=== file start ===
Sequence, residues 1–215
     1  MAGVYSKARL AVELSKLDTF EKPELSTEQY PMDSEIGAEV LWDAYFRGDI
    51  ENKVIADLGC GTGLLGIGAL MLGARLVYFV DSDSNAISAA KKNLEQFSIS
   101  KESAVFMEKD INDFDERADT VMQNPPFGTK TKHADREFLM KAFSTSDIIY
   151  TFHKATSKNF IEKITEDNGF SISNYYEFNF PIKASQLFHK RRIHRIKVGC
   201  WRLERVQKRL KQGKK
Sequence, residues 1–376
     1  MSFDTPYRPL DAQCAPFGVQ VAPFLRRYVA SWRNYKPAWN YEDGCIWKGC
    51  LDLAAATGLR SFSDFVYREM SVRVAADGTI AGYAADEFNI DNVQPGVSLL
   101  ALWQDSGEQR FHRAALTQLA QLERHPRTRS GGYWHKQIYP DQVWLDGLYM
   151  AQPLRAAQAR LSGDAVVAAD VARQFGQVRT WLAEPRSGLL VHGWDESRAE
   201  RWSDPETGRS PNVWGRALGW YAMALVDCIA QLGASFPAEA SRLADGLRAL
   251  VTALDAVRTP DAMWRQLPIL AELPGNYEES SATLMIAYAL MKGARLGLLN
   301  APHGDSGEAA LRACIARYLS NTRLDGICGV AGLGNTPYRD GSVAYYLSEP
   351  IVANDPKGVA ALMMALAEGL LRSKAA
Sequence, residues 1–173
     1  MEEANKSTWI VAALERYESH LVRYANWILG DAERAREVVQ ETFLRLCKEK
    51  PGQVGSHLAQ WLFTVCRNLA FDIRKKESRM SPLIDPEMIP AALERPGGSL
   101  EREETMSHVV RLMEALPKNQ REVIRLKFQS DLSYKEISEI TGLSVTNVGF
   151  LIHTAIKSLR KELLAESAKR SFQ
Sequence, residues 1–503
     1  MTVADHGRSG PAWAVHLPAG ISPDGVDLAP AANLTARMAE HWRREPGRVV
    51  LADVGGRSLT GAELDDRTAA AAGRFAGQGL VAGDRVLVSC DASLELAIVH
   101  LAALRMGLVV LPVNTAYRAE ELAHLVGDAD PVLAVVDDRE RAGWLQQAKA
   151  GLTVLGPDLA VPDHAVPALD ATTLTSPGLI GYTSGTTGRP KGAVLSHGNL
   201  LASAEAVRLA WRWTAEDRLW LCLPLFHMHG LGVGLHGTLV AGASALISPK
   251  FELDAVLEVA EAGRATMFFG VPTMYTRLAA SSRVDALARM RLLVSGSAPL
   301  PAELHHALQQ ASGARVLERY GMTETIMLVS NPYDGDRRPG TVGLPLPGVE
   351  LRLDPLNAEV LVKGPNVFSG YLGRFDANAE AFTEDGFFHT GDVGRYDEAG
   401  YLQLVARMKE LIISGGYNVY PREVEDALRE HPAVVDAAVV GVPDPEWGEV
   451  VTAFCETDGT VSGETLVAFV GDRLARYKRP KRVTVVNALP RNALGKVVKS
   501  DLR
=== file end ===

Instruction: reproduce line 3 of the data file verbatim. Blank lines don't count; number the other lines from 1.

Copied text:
    51  ENKVIADLGC GTGLLGIGAL MLGARLVYFV DSDSNAISAA KKNLEQFSIS